Researchers at the Center for Cognitive Neuroscience (CCN) take advantage of all major methods in cognitive neuroscience to investigate the neural mechanisms of cognition: (1) behavioral measures, (2) electrophysiology, (3) neuroimaging, (4) brain stimulation, (5) study of brain dysfunction, and (6) mathematical and statistical modeling.
1. Behavioral Measures
The ultimate goal of cognitive neuroscience is to explain the neural mechanism of cognitive and affective behavior, and hence, behavior is the most critical dependent variable. Thus, all CCN core faculty investigate behavior using a variety of methods, including choice, accuracy, and reaction time measures derived from manual responses, eye movement, virtual and real navigation, and overt verbal responses.
Electrophysiology provides a relatively direct measure of the activity of neurons and groups of neurons, and can be measured more directly using intracranial electrodes in non-human animals or epileptic patients awaiting surgery, or less directly using electrodes placed on the scalp. Both methods are used by CCN researchers. The Groh and Sommer labs use intracranial electrodes in monkeys to make single-cell recordings in monkeys, while several labs (Woldorff and Overath) use scalp recordings in humans to obtain electro-encephalographic (EEG) and event-related potential (ERP) measures.
Neuroimaging measures provide one of the most powerful tools for investigating the neural mechanisms of cognition. Neuroimaging provides better spatial resolution than EEG and ERPs, but the latter have better temporal resolution, so some labs at CCN (Woldorff) are combining these two neuroimaging methods. Most CCN labs investigate MRI-based measures of brain structure (structural MRI), white-matter integrity (diffusion tensor imaging—DTI), and brain activity (functional MRI—fMRI). They take advantage of the world-class MRI facilities at the nearby Brain Imaging and Analysis Center, which has multiple top-of-the line GE scanners dedicated to brain research. All CCN labs use the most sophisticated analytic techniques available, including quantitative DTI tractography, multivariate pattern analysis (MVPA), spatio-temporal partial least square (PLS) analysis, representational similarity analysis (RSA), and graph theory analyses.
4. Brain Stimulation
Although fMRI can identify the complex network of regions associated with cognitive performance, this link is correlational and should be complemented with approaches than can assess the necessity of these regions for successful performance and hence establish a causal relationship between brain and behavior. These approaches include study of brain dysfunction and use of brain stimulation. Brain stimulation can be performed intra-cranially in non-human animals (Groh and Sommer labs) or non-invasively in humans using transcranial magnetic stimulation (TMS) and other techniques. The Sommer lab investigates the neural mechanisms of TMS in non-human primates. Several CCN labs (Cabeza, De Brigard, and Egner) investigate TMS in humans at nearby cutting-edge CCN-affiliated TMS facilities housed in the psychiatry department.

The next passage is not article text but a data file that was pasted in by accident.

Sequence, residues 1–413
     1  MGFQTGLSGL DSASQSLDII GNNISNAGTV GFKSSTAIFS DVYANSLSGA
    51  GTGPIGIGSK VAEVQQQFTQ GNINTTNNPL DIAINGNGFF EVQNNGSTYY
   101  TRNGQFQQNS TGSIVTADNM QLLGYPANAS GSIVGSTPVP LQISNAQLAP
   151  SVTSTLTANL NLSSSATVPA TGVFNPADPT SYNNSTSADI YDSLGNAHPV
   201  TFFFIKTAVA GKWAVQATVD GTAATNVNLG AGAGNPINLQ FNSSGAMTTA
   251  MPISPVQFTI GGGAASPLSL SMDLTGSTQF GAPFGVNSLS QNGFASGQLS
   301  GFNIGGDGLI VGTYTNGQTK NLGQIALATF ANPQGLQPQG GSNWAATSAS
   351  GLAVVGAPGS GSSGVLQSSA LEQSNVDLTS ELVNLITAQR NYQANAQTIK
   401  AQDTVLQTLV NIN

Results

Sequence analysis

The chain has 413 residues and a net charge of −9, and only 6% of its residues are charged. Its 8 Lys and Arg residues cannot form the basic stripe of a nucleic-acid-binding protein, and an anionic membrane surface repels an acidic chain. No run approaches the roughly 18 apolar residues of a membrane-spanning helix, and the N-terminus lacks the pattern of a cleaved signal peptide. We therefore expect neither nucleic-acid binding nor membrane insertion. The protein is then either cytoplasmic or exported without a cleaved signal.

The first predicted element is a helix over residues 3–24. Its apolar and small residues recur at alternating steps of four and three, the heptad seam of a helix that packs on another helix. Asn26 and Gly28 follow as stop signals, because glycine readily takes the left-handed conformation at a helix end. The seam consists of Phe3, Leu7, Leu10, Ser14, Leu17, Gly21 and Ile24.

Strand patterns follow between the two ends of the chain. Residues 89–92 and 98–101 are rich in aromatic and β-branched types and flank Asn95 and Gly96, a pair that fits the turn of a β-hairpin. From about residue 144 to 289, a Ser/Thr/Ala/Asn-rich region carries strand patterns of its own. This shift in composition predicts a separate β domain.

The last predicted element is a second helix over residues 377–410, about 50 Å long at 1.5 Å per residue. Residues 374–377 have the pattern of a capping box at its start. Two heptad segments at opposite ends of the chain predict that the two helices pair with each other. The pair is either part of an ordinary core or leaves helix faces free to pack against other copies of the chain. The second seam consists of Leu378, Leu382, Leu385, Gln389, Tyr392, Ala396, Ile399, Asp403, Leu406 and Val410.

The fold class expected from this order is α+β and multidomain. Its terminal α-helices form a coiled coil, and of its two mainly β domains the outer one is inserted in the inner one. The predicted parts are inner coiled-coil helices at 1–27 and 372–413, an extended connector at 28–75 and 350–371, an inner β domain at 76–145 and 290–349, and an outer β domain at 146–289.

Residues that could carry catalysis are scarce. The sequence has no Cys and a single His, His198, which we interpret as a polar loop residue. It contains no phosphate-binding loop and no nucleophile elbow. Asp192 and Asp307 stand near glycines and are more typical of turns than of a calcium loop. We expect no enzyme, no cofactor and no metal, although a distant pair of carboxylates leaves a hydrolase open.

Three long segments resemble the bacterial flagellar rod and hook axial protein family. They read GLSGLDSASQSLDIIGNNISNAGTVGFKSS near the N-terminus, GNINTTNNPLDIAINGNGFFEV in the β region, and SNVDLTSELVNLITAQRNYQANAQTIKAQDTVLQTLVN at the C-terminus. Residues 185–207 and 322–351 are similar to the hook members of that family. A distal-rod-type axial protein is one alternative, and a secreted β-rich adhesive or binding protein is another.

5. Study of Brain Dysfunction
Like brain stimulation, brain dysfunction can establish a causal relationship between brain and behavior. Brain dysfunction may reflect accidental or surgical brain damage, psychiatric or neurological disorders, or developmental changes (aging). Most CCN researchers investigate one or more of these types of dysfunction. For example, the Adcock lab investigates psychosis and vulnerability, Adcock and LaBar labs investigate affective disorders; Cabeza and Madden labs investigate healthy and pathological aging; the Sinnott-Armstrong lab investigates psychopathy and scrupulosity; and the Woldorff lab investigates attentional disorders.
6. Mathematical and Statistical Modeling
As cognitive neuroscience theories develop, they seek to develop mathematical models that can translate vague hypotheses into unambiguous equations, which can yield exact quantitative predictions that are easier to falsify. Statistical modeling is important to simplify complex patterns of data, which is critical for ‘big data’ such as the findings of neuroimaging studies. Several CCN faculty are using both types of models with the help of Katherine Heller, an expert in machine learning and Bayesian statistics. Models used by CCN labs to analyze neuroimaging data include graph theory (Adcock and Cabeza labs), Bayesian models (Adcock, Egner, and Huettel labs), game theory (Huettel lab), diffusion models (Madden lab), and biologically plausible neural circuit models (Adcock and Groh labs).